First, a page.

Retired general Rick Hillier, head of Ontario's vaccine task force, calls the arrival of the COVID-19 vaccine 'an incredible day.' 'We're on the way out of the abyss,' he said.  

"The doctors tell us that by doing that, we increase the protection of the residents in the home incredibly, because the vector by which the virus goes into the homes, as I think we all know, is through the people who work there."

He said wider distribution will be possible with vaccines that have less restrictive storage requirements — such as the Moderna one, which needs to be stored at a comparatively balmy –20 C and is awaiting approval from Health Canada. 

On Friday, the Ontario government released a list of 17 additional health-care sites which will receive doses of the vaccine for distribution.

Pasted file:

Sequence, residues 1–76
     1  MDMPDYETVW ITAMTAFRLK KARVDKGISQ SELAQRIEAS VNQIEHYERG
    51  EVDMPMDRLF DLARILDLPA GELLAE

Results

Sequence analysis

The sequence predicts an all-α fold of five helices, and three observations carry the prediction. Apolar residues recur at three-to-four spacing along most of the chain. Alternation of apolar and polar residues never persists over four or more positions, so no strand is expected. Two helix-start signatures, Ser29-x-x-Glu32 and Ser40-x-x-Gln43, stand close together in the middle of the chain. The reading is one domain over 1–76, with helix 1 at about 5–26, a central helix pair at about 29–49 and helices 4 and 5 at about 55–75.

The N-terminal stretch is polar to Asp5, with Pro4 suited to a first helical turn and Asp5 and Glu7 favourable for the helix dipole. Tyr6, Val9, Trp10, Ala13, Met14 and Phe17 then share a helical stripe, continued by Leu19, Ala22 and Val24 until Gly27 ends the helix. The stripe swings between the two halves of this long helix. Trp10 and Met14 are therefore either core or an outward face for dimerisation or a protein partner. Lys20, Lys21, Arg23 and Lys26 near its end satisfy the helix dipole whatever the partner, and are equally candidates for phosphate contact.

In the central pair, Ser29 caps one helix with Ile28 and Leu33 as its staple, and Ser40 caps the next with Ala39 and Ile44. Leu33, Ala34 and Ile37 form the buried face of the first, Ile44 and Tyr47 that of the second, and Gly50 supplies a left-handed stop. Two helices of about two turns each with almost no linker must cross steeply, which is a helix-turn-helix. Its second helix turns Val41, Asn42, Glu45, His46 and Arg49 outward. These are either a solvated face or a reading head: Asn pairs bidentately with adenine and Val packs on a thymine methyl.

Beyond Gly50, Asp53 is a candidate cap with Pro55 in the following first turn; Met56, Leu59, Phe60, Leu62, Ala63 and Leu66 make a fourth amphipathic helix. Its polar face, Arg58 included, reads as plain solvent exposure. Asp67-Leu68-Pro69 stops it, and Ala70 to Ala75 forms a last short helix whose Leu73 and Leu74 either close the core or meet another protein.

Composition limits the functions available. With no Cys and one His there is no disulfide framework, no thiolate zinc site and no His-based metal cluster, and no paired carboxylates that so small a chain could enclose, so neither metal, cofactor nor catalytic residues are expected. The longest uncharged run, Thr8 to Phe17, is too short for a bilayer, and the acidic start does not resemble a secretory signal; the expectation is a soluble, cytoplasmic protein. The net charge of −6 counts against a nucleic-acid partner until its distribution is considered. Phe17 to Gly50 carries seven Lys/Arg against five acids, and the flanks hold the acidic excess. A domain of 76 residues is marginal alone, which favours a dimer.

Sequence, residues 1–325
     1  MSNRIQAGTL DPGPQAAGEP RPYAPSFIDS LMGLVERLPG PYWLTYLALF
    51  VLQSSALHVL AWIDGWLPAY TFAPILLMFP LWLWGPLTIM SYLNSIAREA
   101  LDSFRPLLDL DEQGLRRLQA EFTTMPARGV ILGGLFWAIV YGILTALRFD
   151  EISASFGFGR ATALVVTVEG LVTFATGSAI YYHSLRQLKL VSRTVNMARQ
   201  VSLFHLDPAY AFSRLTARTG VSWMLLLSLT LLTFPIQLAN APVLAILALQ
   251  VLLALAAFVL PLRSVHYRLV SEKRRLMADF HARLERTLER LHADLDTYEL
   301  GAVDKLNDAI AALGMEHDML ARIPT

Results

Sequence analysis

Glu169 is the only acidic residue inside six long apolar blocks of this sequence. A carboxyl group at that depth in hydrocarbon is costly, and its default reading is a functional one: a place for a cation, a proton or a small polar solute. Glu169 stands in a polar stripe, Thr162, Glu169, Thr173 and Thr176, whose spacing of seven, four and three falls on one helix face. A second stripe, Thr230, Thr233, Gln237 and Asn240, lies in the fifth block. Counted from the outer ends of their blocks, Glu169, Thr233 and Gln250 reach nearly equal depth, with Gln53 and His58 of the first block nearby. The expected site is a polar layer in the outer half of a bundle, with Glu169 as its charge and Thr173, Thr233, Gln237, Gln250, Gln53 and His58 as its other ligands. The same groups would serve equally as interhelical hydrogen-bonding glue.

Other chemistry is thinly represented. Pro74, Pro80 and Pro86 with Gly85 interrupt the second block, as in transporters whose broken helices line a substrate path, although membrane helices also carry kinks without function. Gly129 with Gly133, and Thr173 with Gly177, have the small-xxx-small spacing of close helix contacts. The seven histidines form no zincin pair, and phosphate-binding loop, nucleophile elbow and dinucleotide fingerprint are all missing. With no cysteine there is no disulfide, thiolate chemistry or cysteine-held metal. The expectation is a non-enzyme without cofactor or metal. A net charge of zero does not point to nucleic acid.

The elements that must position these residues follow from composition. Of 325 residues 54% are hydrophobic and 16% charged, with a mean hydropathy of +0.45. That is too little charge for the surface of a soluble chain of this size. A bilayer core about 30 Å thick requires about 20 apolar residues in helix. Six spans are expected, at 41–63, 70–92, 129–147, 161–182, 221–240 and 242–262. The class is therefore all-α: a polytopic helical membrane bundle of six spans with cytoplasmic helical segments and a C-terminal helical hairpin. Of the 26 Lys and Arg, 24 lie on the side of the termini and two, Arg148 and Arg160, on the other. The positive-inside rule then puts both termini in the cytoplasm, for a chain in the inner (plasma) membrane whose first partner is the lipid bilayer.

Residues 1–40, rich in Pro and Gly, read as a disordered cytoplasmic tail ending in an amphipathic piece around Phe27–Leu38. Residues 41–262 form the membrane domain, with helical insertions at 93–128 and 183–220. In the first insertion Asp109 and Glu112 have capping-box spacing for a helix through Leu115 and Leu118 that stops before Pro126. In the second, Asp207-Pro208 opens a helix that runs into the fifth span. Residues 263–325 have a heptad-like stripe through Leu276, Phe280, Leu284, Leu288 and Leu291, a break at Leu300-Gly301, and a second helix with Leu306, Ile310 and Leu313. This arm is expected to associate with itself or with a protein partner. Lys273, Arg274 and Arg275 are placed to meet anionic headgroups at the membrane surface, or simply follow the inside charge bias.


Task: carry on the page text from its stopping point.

Written by Padraig Moran. Produced by Julie Crysler and Rachel Levy-McLaughlin.

Add some “good” to your morning and evening.

A variety of newsletters you'll love, delivered straight to you.

Sign up now

Comments

To encourage thoughtful and respectful conversations, first and last names will appear with each submission to CBC/Radio-Canada's online communities (except in children and youth-oriented communities). Pseudonyms will no longer be permitted.

By submitting a comment, you accept that CBC has the right to reproduce and publish that comment in whole or in part, in any manner CBC chooses. Please note that CBC does not endorse the opinions expressed in comments. Comments on this story are moderated according to our Submission Guidelines. Comments are welcome while open. We reserve the right to close comments at any time.

Become a CBC Member

Join the conversation  Create account

Already have an account?

now